Data analytics company Databricks Inc. said Thursday it launched a platform that helps retailers draw faster insights from their data.
The platform, called Lakehouse for Retail, has industry-specific tools that help users tackle challenges with inventory management, demand forecasting and recommendation modeling. the company said.
“The vision of lakehouse helps solve many of the challenges retail organizations have told us they’re facing,” said
chief executive and co-founder of Databricks.
The San Francisco-based company sells services based on open-source Apache Spark, a real-time data-analytics technology that Mr. Ghodsi helped create. Apache Spark emerged from the University of California, Berkeley, in 2009.
Lakehouse for Retail consolidates a variety of information in a single digital repository. In the past, such repositories, often called data lakes, required users to make a copy of the data so that it could be structured and analyzed in a separate environment, the company said. The newer concept of the “lakehouse” allows users to analyze data in the repository itself, according to Databricks.
The goal of Lakehouse for Retail is to “help organizations operate in real time, deliver more accurate analysis and leverage all of their customer data to uncover valuable insights,” Mr. Ghodsi said. The platform also is designed to facilitate data-driven collaboration and sharing among businesses and partners in the retail industry, he said.
Retail data is proliferating quickly and the ability to capture and analyze that data has emerged as a major source of competitive advantage.
“If you look at where [retailers are] putting their money, it’s into new ways of collecting and processing information,” said David Swartz, equity analyst in the consumer sector research group at research firm
Privately held Databricks says it has raised $3.5 billion to date. The company had $425 million revenue in fiscal-year 2021, ending Jan. 31, 2021, and in August said its annual recurring revenue was $600 million. Databricks said its current valuation is $38 billion.
Investors include Morgan Stanley Counterpoint Global, Andreessen Horowitz, funds and accounts managed by
Canada Pension Plan Investment Board (CPP Investments), Tiger Global Management and Coatue Management, according to the company.
Lakehouse for Retail builds on services that Databricks already offers customers including the U.S. operations of pharmacy giant
Boots Alliance Inc. Until now, retail customers have had to create software and tools to draw more industry-specific insight from Databricks. Lakehouse for Retail has retail-specific tools built into the platform itself, potentially expanding adoption in the sector, according to Mr. Ghodsi. Retailers are looking to make greater use of data in managing their inventory and supply chains, forecasting demand and personalizing marketing campaigns for customers, he said.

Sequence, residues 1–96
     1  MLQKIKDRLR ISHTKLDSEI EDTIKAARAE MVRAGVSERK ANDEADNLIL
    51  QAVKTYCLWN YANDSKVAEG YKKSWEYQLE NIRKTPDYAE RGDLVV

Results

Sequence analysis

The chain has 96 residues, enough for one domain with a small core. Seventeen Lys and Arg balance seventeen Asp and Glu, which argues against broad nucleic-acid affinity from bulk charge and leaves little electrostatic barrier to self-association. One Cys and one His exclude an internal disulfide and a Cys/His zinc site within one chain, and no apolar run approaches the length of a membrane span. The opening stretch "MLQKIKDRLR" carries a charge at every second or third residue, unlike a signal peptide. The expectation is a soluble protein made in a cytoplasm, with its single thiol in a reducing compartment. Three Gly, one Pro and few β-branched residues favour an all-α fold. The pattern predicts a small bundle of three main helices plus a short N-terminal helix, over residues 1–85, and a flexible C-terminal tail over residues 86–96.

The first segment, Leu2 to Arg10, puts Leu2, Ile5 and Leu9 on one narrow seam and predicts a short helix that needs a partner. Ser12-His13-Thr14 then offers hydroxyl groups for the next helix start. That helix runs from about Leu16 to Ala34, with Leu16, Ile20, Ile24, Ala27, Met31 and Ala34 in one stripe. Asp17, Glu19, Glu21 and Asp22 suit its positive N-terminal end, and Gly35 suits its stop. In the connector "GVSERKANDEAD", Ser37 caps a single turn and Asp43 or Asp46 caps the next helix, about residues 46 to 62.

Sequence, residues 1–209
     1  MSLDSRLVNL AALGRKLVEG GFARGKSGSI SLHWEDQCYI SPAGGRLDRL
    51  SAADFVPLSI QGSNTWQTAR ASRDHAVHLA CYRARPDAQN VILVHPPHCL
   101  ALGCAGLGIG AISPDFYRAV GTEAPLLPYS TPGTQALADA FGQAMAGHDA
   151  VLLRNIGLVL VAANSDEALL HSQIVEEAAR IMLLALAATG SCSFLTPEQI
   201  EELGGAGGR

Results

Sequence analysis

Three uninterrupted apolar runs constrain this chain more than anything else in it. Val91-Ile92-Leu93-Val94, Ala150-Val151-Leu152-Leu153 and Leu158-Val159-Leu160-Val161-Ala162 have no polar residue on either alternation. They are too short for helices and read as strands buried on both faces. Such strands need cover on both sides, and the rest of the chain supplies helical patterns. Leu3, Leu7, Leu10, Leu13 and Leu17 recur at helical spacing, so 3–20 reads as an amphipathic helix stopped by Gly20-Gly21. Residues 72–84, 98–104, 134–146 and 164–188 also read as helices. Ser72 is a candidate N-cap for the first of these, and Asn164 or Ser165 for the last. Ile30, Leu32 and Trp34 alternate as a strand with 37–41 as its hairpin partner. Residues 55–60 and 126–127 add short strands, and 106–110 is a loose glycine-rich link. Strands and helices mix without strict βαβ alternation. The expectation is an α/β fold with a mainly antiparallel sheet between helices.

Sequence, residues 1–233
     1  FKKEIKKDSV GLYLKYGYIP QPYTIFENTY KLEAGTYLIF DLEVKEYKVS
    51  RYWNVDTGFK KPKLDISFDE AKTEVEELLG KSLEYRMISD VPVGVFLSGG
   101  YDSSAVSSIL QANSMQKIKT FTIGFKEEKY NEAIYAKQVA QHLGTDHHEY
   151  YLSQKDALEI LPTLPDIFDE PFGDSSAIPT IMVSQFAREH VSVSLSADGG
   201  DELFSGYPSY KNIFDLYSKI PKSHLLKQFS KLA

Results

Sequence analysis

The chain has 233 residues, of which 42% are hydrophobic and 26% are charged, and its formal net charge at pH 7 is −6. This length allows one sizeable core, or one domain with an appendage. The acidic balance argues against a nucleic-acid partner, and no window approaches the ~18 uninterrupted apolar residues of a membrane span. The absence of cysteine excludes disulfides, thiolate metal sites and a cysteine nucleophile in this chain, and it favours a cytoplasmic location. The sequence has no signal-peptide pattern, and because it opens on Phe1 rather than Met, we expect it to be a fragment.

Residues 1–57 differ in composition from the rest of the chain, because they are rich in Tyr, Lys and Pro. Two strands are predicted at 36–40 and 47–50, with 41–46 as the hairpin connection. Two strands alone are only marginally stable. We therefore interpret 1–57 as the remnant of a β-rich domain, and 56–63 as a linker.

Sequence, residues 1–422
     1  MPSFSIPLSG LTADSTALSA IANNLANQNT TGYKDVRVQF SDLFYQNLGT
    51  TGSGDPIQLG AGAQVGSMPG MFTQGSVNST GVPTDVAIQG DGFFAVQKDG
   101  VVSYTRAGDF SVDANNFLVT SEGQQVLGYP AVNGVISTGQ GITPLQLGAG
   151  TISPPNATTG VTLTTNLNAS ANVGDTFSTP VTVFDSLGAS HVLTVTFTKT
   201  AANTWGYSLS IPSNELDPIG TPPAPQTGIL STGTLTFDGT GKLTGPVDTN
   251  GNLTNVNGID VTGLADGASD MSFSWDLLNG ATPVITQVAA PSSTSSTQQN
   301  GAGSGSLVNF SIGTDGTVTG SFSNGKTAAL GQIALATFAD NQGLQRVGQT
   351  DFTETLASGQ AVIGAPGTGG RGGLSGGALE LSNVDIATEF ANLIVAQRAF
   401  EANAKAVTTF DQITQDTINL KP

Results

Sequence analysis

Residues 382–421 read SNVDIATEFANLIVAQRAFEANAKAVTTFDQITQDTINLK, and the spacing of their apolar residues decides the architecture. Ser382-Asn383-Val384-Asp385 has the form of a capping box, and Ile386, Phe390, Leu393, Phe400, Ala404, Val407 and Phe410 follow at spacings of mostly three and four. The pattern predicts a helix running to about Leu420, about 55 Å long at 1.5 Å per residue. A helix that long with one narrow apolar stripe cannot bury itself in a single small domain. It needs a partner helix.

Walgreens, based in Deerfield, Ill., has been using Databricks for four years and gained access to Lakehouse for Retail six months ago, said Luigi Guadagno, vice president, pharmacy and healthcare platform technology at Walgreens.
Mr. Ghodsi said the specialized offering will be most useful to new Databricks customers, who will now be able to skip some of the steps of writing their own code to do things like inventory forecasting.
Still, prewritten code can’t act as a full-blown solution for any given retail enterprise, said
group vice president, analytics and information management at market researcher International Data Corp. “It’s very hard to go 100% prebuilt, because of the unique requirements of subsegments within an industry and also the very unique requirements of an individual company,” Mr. Vesset said.
The idea of the lakehouse combines elements of data lakes—which store structured, semistructured and unstructured data—and the earlier idea of data warehouses, in which users conduct data analytics, according to Mr. Vesset. The lakehouse concept is still relatively new, and most enterprises continue to use traditional data warehouses, he said.
Databricks is also looking to launch more industry-specific lakehouse offerings targeting the healthcare, media and financial sectors, according to Mr. Ghodsi.
Mr. Guadagno of Walgreens said Databricks’ platform is attractive because it is scalable, it collects data in real time, and it can be used by different parties that rely on different tools, including people who write software, people who mine data and those who create reports. The benefit is that Walgreens doesn’t have to spend money moving data and translating it for various groups and all the data stays in the same place.
“We understand more, and we know more,” when it comes to dealing with patients, Mr. Guadagno said, and “Databricks is the engine behind it for us.”
Write to Isabelle Bousquette at [email protected]
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